" What happened to this? "
Money. Hassle. Weight. Bulk.
It's a bit like film: it was fun and satisfying and delivered great results, but could also be expensive, time- and space-consuming (darkroom) and troublesome.
There's a reason photographers went to digital, and a reason to pare down the number of cameras.

Direct link | Posted on Nov 12, 2015 at 15:57 UTC
On article What's missing? Ming Thein on the state of mirrorless (751 comments in total)
In reply to:

DrummerCT: For the type of photography I do, changing out a battery is generally not an issue for me, certainly not the comparative hassle changing 36-shot film used to be. And if I need a more extended battery experience, l add the vertical grip to my A7RII (doubles battery, plus improves handling for some situations). Or I use a second body. That said, for others l understand that battery capabilities for mirrorless cameras can be an obstacle/disruptive. If Sony and others improved the battery tech, all types of users would benefit.

Thank goodness manufacturers aren't going the route of mobile phones and sealing in THE battery.

Changing batteries would be far less hassle if cameras were all designed so that batteries could be changed with a tripod plate attached to the camera. Even if one doesn't always shoot from a tripod, many people prefer just to leave the plate on for convenience or when switching back and forth. Most battery compartments are still not accessible with the tripod plate attached.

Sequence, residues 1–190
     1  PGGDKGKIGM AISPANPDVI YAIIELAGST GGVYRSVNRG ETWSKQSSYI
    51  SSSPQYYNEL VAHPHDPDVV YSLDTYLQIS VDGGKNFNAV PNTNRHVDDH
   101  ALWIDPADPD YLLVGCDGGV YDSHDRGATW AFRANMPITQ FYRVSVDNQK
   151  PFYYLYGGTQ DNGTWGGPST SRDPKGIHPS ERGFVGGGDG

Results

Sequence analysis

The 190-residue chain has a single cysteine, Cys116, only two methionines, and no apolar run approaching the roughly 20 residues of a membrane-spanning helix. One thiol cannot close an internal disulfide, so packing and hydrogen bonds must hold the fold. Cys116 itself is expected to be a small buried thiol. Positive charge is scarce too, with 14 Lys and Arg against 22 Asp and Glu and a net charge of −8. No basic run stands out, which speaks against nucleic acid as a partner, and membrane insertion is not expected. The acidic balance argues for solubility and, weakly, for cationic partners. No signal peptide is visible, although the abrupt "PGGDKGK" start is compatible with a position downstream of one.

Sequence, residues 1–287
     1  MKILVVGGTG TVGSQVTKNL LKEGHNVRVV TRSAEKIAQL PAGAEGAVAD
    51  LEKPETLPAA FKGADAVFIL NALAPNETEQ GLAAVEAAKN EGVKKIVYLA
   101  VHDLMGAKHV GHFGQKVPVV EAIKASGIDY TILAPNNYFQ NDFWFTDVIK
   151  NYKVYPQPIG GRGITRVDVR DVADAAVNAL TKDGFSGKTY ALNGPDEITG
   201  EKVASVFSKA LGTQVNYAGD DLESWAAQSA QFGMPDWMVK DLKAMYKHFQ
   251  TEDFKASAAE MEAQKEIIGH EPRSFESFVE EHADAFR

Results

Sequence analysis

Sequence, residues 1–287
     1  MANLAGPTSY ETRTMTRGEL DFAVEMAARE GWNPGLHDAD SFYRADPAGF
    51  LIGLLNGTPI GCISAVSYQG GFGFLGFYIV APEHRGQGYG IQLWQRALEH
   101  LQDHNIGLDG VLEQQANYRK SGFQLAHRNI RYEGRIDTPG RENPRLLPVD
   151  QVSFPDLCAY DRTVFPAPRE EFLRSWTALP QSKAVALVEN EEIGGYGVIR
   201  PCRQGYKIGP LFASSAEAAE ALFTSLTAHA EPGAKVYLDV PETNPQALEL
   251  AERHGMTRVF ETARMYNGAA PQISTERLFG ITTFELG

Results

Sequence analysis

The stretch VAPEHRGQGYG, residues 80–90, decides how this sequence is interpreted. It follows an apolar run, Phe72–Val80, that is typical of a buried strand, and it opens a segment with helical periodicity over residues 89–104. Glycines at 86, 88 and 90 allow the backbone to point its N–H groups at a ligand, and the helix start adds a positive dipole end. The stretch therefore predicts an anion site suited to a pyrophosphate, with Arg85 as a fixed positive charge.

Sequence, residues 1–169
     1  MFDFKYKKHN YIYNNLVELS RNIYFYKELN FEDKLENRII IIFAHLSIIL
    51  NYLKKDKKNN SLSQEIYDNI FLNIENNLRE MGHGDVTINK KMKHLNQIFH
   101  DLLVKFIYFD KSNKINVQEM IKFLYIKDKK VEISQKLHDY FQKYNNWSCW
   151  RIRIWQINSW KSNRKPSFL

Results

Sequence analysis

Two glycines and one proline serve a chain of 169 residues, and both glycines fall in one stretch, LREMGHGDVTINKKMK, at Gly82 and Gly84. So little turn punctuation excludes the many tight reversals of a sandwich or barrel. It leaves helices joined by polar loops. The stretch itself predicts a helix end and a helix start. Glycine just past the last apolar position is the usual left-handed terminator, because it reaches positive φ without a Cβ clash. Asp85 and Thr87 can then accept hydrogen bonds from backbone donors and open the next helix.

Direct link | Posted on Nov 12, 2015 at 15:54 UTC
On article 2015 Roundup: Long Zoom Compacts (68 comments in total)
In reply to:

skytripper: This is the silliest "roundup" ever, guys. You're comparing big honking cameras that weigh from 1.5 to almost 2 lbs. with pocket cameras weighing less than 8 oz. What's the point?

Aren't they comparing by category (superzoom, etc.) not weight? For those who start with performance as the number one priority in a given category, this is very useful. If there are tradeoffs in getting a pocket camera, it's good to know what they are (pocketable, but lacks XYZ) And vice versa (bigger, but has XYX).

Direct link | Posted on Nov 12, 2015 at 15:46 UTC
On article 2015 Roundup: Long Zoom Compacts (68 comments in total)
In reply to:

Polacofede: Is there any statistics about the amount of people that gets this cameras for video purposes? ( Or even any camera being compact or DSLR )
Honestly from all the people I know there is a very small bunch of them that ever uses it. I know this is not representative by any means. Just asking to determine also how much video performance should weight in a camera review.

Pola,
Remember, it's not just about shooting 4K video. It's also about being able to shoot 8MP images at 30fps with almost no limit. This means catching every millisecond of action at a very decent frame rate, with enough resolution for excellent small-medium prints or viewing on a monitor.
Also, as more people get ultra high-res monitors and TVs, the usefulness will increase.